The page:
Children have less time to play


Too much homework and television are stopping children from being children, a poll of parents suggests today. They believe that children’s lives are too structured and pressurised with little time to play.
Homework, extra lessons, after-school clubs and television are all preventing youngsters from enjoying playtime, according to the poll of 2,000 parents, The Guardian Reported.
Children have long suspected it, and now research confirms it: homework is a waste of time. Anxiety, boredom, fatigue and emotional exhaustion are all side-effects of bringing schoolwork home, according to a review of 75 years of study into the issue. Even those who believe homework improves their performance in the classroom resent the encroachment on their spare time. And the best place for extra study may not, in fact, be at home.
The report by the Institute of Education makes a case for out-of-hours study to be done in after-school learning clubs, away from the potentially disruptive influence of parents. Tensions are the most pronounced in middle-class families where the pressure to succeed can create a volatile atmosphere. Parents who are overbearing can undermine any pleasure children derive from study. More than half (51 per cent) of those questioned said children are under more pressure today than ever before, while one in 10 (11per cent) believe their own youngsters’ lives are too structured.
And one in five (20 per cent) say they do not believe their children have enough free time just to be children. Two thirds (66 per cent) of parents said homework, extra lessons and after-school activities are preventing children from having time to play each day, while almost three in 10 (37 per cent) blamed television. Almost one in four (23 per cent) cited longer travel to and from school, and clubs and activities as the reason for short playtimes. The poll, commissioned by The British Toy and Hobby Association (BTHA) and Play England found that parents say their child spends, on average, 69.77 minutes a day playing. But they would like their children to spend an extra 72.67 minutes at play .Nearly half (43 per cent) wished they could spend more time playing with their children.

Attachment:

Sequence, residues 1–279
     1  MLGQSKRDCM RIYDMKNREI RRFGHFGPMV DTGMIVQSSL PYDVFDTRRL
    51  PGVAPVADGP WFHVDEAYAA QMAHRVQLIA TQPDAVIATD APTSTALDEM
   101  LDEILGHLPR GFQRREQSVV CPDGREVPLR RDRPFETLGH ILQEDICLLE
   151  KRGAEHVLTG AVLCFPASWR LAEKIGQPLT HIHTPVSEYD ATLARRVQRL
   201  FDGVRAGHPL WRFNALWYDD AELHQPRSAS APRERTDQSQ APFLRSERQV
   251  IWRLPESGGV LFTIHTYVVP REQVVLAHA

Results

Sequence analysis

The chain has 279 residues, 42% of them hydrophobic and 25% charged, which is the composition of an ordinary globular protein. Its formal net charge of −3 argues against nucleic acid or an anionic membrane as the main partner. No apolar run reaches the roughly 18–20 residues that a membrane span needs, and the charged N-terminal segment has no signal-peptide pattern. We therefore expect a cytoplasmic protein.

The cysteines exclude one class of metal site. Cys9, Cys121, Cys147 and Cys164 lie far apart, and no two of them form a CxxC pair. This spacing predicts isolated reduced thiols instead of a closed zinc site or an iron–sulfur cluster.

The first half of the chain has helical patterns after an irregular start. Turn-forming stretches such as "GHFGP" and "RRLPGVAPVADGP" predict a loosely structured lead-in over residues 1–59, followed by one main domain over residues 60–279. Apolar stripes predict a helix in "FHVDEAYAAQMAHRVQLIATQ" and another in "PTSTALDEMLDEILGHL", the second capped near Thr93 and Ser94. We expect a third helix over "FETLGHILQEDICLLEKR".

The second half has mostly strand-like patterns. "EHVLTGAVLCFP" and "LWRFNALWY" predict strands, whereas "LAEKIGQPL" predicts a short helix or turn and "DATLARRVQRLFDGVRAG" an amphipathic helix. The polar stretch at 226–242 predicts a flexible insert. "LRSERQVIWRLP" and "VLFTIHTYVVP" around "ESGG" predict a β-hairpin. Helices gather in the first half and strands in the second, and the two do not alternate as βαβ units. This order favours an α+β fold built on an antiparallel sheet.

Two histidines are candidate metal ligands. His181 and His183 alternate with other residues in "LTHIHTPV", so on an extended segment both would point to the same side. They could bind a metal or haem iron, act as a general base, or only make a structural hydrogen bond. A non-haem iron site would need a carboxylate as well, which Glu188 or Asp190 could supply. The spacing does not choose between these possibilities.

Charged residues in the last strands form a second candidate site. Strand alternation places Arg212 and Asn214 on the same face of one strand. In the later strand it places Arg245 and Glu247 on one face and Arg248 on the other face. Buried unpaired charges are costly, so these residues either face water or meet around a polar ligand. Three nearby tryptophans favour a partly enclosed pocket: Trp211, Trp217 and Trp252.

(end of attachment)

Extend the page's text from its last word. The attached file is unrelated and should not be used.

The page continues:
Dr. Amanda Gummer, a psychologist who advises the BTHA, said: ‘Play helps a child to develop a whole range of skills from learning how to take turns and share to increasing fitness, creativity and even self-esteem. Through fun and play a child learns about the world around them’.
AIOU to set up information desk to help students in research work: Allama Iqbal Open University (AIOU) will set up an information desk at central library at University’s main campus to help students in their research and reference work.
The centre will provide easy access to required data in different disciplines. This was stated by Prof Dr Nazir Ahmed Sangi, vice chancellor AIOU, while addressing the concluding ceremony of three-day workshop ‘Analysis of Research and Statistic Data.’ The training workshop was arranged by the Department of Mathematics and Statistics. Faculty members, officers and AIOU’s students participated in the training workshop.
Dr. Sangi hoped that training courses on research-relating matters will improve the comprehension and know-how of the students to show excellence in their exams and practical life. The AIOU is giving top priority for training of its academic staff that will give a big boost to their competency and caliber for educating their students. Dr Sangi said that AIOU has witnessed immense growth and development at various levels during the past three years. “Today, our students are enjoying state-of-the-art facilities. Many new projects meant to further improve the environment and to introduce modern facilities are also in the pipeline,” he said.
He stated the AIOU offers education from basic to doctorate level in various disciplines, with the main objective of providing skill-based and vocational knowledge, with job-oriented approach. Special emphasis will be given on teachers training during the next two years. The University will pay its frontline role helping the government to fight illiteracy. He called for coordinated efforts ad team work among various departments to achieve better results.